We need to take time to rebuild from the inside out. Dieting can affect your milk supply, and withhold necessary nutrients. Postpartum is a time for gentle exercise, rest and allowing your body to heal. Invest in yourself, how you care for yourself in those first 12 weeks postpartum will matter a year later!
“6 weeks” doesn’t apply to everyone when it comes to recovery. Listen to your body to decide when YOU feel best about returning to exercise, resuming intercourse or restricting your diet (or not). Tara has created a space in her gym where people can exercise safely and ease back into exercise as they feel like they can.
“6 weeks” is just an average figure. Many trainers don’t understand much of what’s happening in postpartum recovery and won’t understand how different exercises could be affecting you. Your focus postpartum should be rebuilding your inner core and pelvic floor and being mindful of how your other exercises could be affecting that. What am I doing as I’m rebuilding from the inside out?
Get checked. Get checked and know what you’re doing. Put value on this. We’ll go out to a fancy dinner and spend $150, but we won’t spend that to have our pelvic floor checked. Having a healthy pelvic floor impacts your entire life! It’s so important, we need to make our pelvic floor part of our everyday life!
Tara, what is your favorite way to manage your period?
Implanon! I don’t have regular periods but when I did I was a tampon user. Now that I know about period panties, I want to try those next!
Tara, where can we find you?
Check out her resources for challenges and at-home programs!
Instead of a sponsor this week and in honor of Tara (who’s Australian), I’m encouraging all my podcast listeners to donate to one of the following charities:
Australian Red Cross
The Australian Red Cross is accepting donations to its Disaster Relief and Recovery Fund, which has helped to send 1,285 staff members and volunteers to communities affected by the fires and to provide support to displaced people sheltering in more than 69 evacuation and recovery centers. The Red Cross also provides emergency grants to help people cover their immediate needs.
There are other ways to help if you cannot donate money. The Red Cross says clothing and household goods can be given to Red Cross-affiliated shops, or suggests holding garage sales or fund-raising events. Volunteering roles are also possible. After training, volunteers are deployed to fill emergency roles.
GIVIT is an Australian organization that matches donated goods with items that are specifically requested by victims of the fires. People have asked for things like car batteries, fence posts and gas pumps.
Salvation Army Australia
Like other organizations, the Salvation Army advises donors to send money instead of goods because of the logistical difficulties of storing and distributing goods in areas affected by disasters. Donations are funneled to various forms of assistance, including mental health support and housing.
“Financial donations also allow residents the opportunity to make their own choices and inject much-needed funds into local economies and businesses, helping communities recover sooner,” the organization says.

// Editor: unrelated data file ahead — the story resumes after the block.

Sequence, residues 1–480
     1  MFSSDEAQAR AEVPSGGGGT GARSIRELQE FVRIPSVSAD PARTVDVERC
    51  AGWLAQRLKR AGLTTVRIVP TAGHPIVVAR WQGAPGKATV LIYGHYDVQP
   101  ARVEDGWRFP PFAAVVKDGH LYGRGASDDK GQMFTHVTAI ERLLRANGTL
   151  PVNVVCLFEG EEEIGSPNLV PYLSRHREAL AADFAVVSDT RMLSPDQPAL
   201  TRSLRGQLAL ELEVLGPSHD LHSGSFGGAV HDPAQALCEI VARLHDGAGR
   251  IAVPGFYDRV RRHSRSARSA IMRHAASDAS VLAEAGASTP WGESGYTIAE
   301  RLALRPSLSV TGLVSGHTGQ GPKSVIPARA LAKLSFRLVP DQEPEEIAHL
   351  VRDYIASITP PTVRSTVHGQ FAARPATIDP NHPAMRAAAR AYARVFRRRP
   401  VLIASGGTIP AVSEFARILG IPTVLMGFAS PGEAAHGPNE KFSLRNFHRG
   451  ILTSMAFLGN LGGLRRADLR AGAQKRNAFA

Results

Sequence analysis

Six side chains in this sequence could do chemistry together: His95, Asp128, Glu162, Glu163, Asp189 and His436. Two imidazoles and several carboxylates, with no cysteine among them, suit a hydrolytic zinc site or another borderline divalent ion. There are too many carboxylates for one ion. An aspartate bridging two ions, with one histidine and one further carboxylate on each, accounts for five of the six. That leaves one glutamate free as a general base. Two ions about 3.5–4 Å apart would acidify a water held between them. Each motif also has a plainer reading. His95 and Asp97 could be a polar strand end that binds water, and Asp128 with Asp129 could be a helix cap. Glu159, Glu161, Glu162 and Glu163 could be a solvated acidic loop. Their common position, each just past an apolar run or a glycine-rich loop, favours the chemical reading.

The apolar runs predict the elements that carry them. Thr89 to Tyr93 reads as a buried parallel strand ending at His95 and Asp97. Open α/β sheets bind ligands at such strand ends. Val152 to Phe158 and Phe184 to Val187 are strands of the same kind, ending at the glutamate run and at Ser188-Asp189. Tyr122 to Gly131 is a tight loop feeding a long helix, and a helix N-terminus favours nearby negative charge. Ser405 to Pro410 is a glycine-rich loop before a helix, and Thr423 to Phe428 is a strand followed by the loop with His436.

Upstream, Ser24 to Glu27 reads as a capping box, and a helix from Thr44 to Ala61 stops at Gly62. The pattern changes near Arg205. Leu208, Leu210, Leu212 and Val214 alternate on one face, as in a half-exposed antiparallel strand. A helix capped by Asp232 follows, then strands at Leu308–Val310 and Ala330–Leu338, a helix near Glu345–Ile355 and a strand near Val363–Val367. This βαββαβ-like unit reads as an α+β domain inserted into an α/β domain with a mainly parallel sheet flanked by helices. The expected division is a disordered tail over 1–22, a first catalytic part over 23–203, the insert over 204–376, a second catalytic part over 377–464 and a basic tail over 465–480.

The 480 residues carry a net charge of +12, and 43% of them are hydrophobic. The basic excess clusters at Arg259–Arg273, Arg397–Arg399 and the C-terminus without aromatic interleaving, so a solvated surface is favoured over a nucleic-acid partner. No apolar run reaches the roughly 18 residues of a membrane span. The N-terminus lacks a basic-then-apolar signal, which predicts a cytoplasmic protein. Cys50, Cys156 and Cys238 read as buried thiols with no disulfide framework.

St. Vincent de Paul Society
The lay Catholic organization has more than 60,000 members and volunteers who assist people in need across Australia. Its bush fire appeal designates how far specific financial amounts can go, and brings home the reality of how the disaster has upended the lives of the dispossessed: $50 (about $35 American dollars) can provide food for a displaced family; $150 can help stave off bills; and $300 can help clothe a fleeing family that had to leave behind their belongings.
NSW Rural Fire Service
Firefighters and community workers in rural fire brigades are in the thick of it. The fire service has a map that is regularly updated, showing clusters of fire spots stretching along a swath of the country’s southeast coast. Donations are directed to emergency efforts and nonemergency community work.
Port Macquarie Koala Hospital
The hospital has a GoFundMe appeal for its work with the National Parks and Wildlife Service searching for koalas in the Port Macquarie area. At least 31 koalas have been brought to the hospital from several fire grounds, the hospital’s appeal says. More than $4 million in donations have been accrued so far. The money has enabled the organization to purchase a vehicle to distribute water and to set up drinking water stations in areas affected by the fires, especially in New South Wales. It has also enabled the organization to expand its breeding program.
RSPCA New South Wales
Funds from the organization’s bush fire appeal will support its work at evacuation centers in northern New South Wales and other areas. Once fire zones are cleared, its inspectors will enter those areas to assess how to help any injured animals.
Australian Koala Foundation
Donations can be made through its website.
Koalas in Care Inc.
The nonprofit accepts funds for its work. It assists about 65 koalas every year, but the bush fire situation is “one that we have never experienced on such an enormous scale.” Here is a video of Lucas the koala recovering from his burns.
World Wildlife Fund
Hundreds koalas have died in the fires and more have been injured or burned, according to figures from the group; it’s likely that many more have died, some ecologists say. Donations go to medical treatment and planting trees for koalas.
The most affected state, New South Wales, which includes Sydney, Australia’s largest city, is having its worst fire season in 20 years.
WIRES, or the NSW Wildlife Information, Rescue and Education Service Inc., is Australia’s largest wildlife rescue organization. Donations can be made online, by telephone and through Facebook and PayPal.
Facebook and GoFundMe
Several people have organized fund-raisers on social media or GoFundMe pages to help people in need. Celeste Barber, an actor and comedian, started a fund-raiser on Facebook for The Trustee for NSW Rural Fire Service & Brigades Donations Fund. It has already generated more than $26 million. Dacre Montgomery, who starred in Netflix’s “Stranger Things,” started a GoFundMe page. The money raised, which tallies more than $250,000, is earmarked for the Australian Red Cross.